A comedy gave room for some serious issues, writes Brendan O’Regan
A woman talks to her husband about going to Mass: “I go to thank God for you and the kids …I go to get re-energised, to be part of something that’s bigger than me.”
Guess where that quote came from! Well, it was from an episode of US sitcom Everybody Loves Raymond (pictured – in repeats, Channel 4, every morning). An episode last Thursday had the family trying to get Raymond to go back to church more regularly (reminiscent of a famous Simpsons episode where Marge tries the same with Homer). It looked like Ray, who, when pressed by wife Debra, said he was still a Catholic, was lapsed from sheer laziness, but tried to make lame excuses – sore knees and poor concentration! A sports writer, he lamented that Mass and sport were both on Sunday (a problem here too!). He gets a hard time about it from his wife, children, mother and father, who seem disappointed in their failure to pass on a strong faith. Finally they get him to commit to going every Sunday, and he likes it, but messes with his brother in church (familiar scenario?) and is dismayed to find his father barely attends, content merely to act as usher and count the collection money. Veteran actor Charles Durning does a fine job as the priest (as he had done in another recent episode when he gave sound marriage advice) – he was deadpan, even a tad grumpy, but glad to see Ray back in the fold. All in all it was respectful, thought provoking, surprisingly serious at times and, rather important for a comedy, very funny.
Normally religion doesn’t figure that prominently, but also last week there was another episode that had a related theme. Debra’s sister had decided to become a nun and breaks the news to her incredulous family – it seems she has been a flighty and unsettled woman up to now (shades of a similar character in the BBC’s comedy Outnumbered) and people assume this will just be a phase. There were some predictable situations, nun jokes, characters saying awkward graces at mealtime just because the sister who was a sister was there. What impressed me most was how the sister was portrayed – she had thought deeply about her life, was very secure in her vocation and came across as the most level-headed character in that episode. Debra took it badly, and Ray thought it was because she would no longer be the ‘good sister’ of her family, but in a brief but touching moment it turned out that what was really bothering her was that she wouldn’t see much of her already frequently absent sister from now on, as she was going on the missions to Zaire. The show rarely lets sentiment get too strong a foothold, so even in serious moments a joke is never far away.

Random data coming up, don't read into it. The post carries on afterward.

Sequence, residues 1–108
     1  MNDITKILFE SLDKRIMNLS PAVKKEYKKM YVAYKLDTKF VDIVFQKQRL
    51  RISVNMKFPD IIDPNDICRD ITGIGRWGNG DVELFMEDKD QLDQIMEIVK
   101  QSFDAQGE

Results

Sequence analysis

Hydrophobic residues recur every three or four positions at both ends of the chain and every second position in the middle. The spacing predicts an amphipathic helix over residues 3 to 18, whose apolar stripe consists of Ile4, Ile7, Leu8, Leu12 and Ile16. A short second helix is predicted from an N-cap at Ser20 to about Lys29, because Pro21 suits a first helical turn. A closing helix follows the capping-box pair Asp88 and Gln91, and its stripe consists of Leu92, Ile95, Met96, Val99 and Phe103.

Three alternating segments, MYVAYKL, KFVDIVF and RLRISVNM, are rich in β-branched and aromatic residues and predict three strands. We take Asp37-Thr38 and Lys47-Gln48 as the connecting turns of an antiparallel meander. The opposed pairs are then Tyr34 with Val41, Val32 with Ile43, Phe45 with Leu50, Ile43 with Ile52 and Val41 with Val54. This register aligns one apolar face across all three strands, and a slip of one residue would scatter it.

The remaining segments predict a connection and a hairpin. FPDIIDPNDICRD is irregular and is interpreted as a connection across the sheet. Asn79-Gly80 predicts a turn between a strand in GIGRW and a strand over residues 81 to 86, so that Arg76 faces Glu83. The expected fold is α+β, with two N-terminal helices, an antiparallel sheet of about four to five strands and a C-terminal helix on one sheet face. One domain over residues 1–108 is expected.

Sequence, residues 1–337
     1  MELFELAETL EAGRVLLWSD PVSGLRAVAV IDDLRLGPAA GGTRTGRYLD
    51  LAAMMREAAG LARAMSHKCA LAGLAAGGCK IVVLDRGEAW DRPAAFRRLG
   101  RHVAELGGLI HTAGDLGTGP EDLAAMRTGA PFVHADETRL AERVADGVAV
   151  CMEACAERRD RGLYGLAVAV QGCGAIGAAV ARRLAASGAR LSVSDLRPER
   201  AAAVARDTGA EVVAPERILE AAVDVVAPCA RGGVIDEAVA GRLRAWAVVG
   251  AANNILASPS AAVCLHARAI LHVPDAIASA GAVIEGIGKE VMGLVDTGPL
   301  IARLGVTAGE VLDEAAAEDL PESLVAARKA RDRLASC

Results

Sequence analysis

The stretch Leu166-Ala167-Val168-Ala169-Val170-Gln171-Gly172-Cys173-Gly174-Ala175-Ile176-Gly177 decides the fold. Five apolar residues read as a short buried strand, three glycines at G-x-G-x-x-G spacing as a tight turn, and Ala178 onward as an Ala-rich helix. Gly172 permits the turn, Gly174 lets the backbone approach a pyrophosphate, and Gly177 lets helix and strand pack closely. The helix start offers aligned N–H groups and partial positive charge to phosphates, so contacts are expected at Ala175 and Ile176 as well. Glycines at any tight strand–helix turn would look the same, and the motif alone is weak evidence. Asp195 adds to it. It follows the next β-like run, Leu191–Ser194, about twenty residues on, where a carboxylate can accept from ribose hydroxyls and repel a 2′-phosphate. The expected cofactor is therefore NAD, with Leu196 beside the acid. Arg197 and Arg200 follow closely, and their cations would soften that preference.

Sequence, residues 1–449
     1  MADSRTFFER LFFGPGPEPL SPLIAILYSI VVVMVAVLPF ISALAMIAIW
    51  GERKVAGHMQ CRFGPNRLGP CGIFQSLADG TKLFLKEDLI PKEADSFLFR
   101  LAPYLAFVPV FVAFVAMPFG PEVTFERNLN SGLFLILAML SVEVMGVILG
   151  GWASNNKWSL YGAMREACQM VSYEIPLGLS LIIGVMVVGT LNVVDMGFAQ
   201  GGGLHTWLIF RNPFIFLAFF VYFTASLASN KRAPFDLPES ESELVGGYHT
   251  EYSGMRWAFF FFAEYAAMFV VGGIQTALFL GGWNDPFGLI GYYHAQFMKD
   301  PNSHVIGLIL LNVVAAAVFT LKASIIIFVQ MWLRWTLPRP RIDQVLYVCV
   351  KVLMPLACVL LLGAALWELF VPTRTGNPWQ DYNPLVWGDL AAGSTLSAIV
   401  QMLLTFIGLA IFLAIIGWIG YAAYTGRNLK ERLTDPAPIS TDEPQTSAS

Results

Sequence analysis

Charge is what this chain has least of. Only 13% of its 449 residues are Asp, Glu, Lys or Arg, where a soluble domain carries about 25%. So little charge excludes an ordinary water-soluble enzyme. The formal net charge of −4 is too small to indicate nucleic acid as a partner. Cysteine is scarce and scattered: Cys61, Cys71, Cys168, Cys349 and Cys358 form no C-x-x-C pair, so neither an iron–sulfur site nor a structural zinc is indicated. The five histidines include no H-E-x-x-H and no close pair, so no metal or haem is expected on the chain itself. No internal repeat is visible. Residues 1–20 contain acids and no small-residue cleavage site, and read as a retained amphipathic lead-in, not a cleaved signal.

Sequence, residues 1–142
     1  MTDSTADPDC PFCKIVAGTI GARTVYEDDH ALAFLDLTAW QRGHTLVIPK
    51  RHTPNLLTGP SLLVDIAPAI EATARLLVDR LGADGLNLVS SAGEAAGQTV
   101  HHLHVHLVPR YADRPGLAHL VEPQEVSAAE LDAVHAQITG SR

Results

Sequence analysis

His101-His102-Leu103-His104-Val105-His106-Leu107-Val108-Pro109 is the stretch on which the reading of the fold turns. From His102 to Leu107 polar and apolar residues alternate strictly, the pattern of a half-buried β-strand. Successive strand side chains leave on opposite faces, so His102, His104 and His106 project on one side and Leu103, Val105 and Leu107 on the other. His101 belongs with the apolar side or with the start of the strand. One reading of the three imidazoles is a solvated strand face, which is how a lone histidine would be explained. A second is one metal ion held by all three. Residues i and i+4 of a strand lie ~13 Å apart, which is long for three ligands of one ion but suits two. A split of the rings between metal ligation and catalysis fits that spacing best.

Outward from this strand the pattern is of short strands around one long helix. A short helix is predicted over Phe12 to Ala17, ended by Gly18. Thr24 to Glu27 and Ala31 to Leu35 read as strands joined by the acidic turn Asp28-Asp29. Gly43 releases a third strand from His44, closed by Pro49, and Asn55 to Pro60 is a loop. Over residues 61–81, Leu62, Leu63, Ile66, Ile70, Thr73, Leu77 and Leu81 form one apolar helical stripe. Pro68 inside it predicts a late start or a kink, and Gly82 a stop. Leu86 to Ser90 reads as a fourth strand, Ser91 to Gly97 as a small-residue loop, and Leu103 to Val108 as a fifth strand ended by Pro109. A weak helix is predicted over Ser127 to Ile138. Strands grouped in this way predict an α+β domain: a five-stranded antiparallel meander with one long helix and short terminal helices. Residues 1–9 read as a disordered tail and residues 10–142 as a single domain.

The values and outlook of the show are not always consistent, possibly because there are so many writers, and sometimes casual affairs (not adultery) are treated in a lighthearted manner that doesn’t reflect the seriousness of the behaviour, but there’s a strong sense of the extended family (with all its warts, and this family has plenty), a basic decency, and an unerring feel for the ordinary, funny and serious things that go on in real families. It maintains a high standard of observational humour, rather like what Seinfelddid for the singles scene.
On a more serious note, but also touching on families, Prime Time (Tuesday of last week) featured a discussion on legislative moves to allow same-sex couples to adopt as couples. The debate was thought provoking and well balanced – it has seemed to me of late that this whole discussion is, in general, being handed with much more maturity and impartiality that we’re used to.
It was remarkably free of the ‘homophobic’ charge until near the end when a member of the audience threw it in. Presenter David McCullough asked tough questions of both sides, and when he pressed Gráinne Healy of ‘Marriage Equality’ to answer a question from Iona’s John Murray, as to whether it mattered that the adults looking after the children were a mother and father, he finally got a telling and astonishing admission – ‘Well not in terms of the child’s developmental milestones, no it does not matter’. So much for the significance of gender!
Pick of the Week
RTÉ Lyric FM Sun 8 Dec 8.00am
Masterpieces by Mozart, William Byrd, Lassus and Monteverdi, with The Sixteen singing James MacMillan and Marian motets by Bruckner.
The God Slot
RTÉ Radio 1 Fri 6 Dec 10.02pm
Bishop Brendan Leahy of Limerick and Brendan Butler of We Are Church discuss the Popeís Apostolic Exhortation.
EWTN Tues 10 DEC 9am, and Wed 11 Dec 10.30pm
Dana welcomes Christian musician Michael Card to the show for some inspirational music and conversation.